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The Eternal Empire
 
 

The Eternal Empire [Kindle Edition]

Geoff Fabron

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Product Description

Product Description

A novel of alternate history, set in a world where the Roman Empire never fell, where the Emperor rules from Constantinople and the Legions still guard the Rhine and Danube. In the early 20th century a network of railways criss-cross the provinces of the Empire and instead of swords and spears the legionaries are equipped with rifles and artillery, the cavalry with armoured vehicles.
In ‘The Eternal Empire’ it is 1920 and the Roman Empire is in a deep economic recession following years of expansion and growth. A package of political, social and economic reforms coupled with austerity measures to deal with the crisis leads to revolts and bloodshed which hands power to a reactionary senator with his own agenda. Protective, punitive tariffs and taxes on trade and transport routes with neighbouring states generate unrest within the Empire and outrage outside it.
As civil war begins to breakout, Saxony, the largest of the German States, sees an opportunity to gain revenge for a humiliating defeat decades before.
Cornelius Petronius, a Roman diplomat in Saxony find himself in the centre of events through his relationship with Katherine, the sister of a Saxon Minister. Tensions between the Empire and Saxony increase as a revolt breaks out in Britain and a war starts with the Arab Caliphate. When evidence of an impending attack across the Rhine frontier by Saxony is discovered by Katherine, Cornelius endeavours to prevent it.

Product details

  • Format: Kindle Edition
  • File Size: 859 KB
  • Print Length: 376 pages
  • Sold by: Amazon Media EU S.à r.l.
  • Language: English
  • ASIN: B009AIEJ14
  • Text-to-Speech: Enabled
  • X-Ray:
  • Word Wise: Not Enabled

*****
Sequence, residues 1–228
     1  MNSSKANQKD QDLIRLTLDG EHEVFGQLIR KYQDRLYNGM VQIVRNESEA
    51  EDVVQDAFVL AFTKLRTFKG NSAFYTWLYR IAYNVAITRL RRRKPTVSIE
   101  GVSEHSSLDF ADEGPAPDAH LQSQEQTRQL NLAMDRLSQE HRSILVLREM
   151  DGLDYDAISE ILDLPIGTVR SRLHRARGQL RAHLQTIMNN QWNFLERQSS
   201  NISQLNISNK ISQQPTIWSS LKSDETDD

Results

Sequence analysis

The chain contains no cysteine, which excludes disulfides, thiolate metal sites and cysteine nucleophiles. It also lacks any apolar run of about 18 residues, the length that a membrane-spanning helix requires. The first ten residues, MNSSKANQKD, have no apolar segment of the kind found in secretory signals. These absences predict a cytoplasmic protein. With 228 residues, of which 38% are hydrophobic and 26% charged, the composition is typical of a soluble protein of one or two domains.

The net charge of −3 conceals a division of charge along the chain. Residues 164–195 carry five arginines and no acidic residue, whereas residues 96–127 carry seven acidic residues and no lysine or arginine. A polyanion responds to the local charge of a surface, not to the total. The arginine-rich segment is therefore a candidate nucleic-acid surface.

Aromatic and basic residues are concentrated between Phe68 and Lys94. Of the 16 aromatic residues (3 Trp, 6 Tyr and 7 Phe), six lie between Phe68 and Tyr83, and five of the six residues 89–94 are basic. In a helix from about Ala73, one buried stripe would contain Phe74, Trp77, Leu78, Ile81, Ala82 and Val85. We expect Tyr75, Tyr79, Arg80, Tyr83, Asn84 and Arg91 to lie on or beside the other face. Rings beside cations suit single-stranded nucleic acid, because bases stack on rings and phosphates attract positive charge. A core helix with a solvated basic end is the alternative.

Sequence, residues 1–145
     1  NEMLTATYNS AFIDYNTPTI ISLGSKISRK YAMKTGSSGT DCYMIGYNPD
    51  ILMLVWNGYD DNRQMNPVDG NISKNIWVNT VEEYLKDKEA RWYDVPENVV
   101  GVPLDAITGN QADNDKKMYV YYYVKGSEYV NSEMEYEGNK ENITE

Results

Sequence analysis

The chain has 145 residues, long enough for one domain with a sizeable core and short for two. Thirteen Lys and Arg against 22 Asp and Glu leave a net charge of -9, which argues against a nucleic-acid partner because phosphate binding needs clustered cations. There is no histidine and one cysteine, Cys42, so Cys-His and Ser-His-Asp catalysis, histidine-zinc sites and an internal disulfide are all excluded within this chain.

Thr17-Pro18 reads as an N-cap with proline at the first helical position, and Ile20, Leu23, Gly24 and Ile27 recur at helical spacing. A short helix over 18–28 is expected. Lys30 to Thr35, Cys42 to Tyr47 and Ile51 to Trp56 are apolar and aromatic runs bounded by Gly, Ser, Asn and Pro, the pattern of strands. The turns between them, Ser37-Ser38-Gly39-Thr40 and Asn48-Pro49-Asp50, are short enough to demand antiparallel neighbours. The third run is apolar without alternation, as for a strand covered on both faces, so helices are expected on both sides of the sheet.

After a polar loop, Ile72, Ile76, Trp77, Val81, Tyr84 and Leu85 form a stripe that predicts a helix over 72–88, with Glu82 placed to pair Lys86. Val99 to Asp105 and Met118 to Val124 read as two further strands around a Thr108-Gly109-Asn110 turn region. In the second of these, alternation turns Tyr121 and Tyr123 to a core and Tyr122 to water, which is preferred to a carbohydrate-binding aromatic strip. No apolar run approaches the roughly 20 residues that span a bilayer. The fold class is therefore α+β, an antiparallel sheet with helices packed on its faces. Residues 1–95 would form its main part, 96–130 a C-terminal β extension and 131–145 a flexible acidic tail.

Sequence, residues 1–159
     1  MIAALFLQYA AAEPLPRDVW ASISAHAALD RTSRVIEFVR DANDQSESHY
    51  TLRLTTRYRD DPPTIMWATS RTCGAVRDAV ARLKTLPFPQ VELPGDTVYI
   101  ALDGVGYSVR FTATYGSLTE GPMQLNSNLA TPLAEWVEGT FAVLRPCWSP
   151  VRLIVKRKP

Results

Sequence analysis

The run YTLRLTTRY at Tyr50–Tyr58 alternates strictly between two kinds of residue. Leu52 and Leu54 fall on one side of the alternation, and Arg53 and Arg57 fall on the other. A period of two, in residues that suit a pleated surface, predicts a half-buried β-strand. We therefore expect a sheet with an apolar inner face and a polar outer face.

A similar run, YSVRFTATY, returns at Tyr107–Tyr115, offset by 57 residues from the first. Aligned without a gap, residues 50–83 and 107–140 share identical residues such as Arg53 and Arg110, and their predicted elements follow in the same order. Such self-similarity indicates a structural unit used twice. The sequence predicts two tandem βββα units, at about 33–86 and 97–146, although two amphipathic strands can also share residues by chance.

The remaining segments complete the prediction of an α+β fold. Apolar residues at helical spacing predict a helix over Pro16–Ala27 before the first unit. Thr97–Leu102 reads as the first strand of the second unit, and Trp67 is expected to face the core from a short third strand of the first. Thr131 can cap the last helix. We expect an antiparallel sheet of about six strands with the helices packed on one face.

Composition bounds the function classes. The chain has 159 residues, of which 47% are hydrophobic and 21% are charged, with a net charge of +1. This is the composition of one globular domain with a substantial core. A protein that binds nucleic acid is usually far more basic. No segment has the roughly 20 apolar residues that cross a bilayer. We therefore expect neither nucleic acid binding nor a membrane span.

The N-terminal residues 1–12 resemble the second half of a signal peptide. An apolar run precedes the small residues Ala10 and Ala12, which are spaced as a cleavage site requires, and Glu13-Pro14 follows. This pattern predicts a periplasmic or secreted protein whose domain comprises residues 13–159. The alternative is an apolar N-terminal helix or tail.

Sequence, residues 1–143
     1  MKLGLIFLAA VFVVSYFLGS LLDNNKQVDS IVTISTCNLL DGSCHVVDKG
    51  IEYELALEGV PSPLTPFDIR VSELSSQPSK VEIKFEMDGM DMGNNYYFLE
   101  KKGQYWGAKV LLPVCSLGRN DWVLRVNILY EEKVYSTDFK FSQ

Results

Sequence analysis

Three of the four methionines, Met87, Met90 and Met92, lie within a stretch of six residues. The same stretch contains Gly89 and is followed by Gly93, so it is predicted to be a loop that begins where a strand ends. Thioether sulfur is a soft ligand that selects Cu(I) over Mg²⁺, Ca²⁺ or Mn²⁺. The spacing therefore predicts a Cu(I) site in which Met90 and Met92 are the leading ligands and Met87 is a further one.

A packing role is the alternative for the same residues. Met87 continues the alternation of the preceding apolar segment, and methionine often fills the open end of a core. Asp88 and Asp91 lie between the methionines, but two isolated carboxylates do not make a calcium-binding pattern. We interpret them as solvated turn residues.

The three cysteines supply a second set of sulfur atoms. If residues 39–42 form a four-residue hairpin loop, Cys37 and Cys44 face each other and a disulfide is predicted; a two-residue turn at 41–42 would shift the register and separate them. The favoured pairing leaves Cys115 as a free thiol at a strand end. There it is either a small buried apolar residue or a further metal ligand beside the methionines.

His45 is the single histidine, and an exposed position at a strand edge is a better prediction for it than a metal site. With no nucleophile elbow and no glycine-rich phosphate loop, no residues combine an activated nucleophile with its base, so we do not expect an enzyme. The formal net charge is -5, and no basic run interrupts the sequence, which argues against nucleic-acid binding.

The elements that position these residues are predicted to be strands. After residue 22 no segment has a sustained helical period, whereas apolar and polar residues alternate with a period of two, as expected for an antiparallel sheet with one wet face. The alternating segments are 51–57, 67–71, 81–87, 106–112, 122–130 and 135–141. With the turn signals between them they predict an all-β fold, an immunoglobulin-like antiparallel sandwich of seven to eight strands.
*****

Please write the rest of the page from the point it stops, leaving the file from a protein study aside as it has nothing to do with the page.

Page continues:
• Amazon Bestsellers Rank: #89,802 Paid in Kindle Store (See Top 100 Paid in Kindle Store)
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Customer Reviews

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Most Helpful Customer Reviews on Amazon.com (beta)
Amazon.com: 4.0 out of 5 stars  26 reviews
3 of 3 people found the following review helpful
5.0 out of 5 stars A great read - a vision of a very different 20th Century Europe 25 Feb 2013
By Wizzel - Published on Amazon.com
Verified Purchase
An amazingly good and thought provoking book. It is thought provoking to consider a Europe where an English people never formed through the intermingled migrations of Danes, Saxons, Normans and Celts, because Brittania was and remains forever Roman. As in much of the rest of Europe, the dominant culture is Latin and Greek. Excepting those areas on the periphery that are Saxon (German), Scandinavian, Scots or Irish. The book is about a how a somewhat democratic nation, Rome, gets put into an impossible mess and eventually war through poorly thought out fiscal austerity, extreme self interest, and despotic tendancies of senior civil servants, and rather bad judgement of the Emperor. War with Saxony ensues, as does rebellion in the provinces. Set in 1920 in an alternate history. A great read.
5 of 6 people found the following review helpful
5.0 out of 5 stars Bread and Circuses? 28 Nov 2012
By A. Hunt - Published on Amazon.com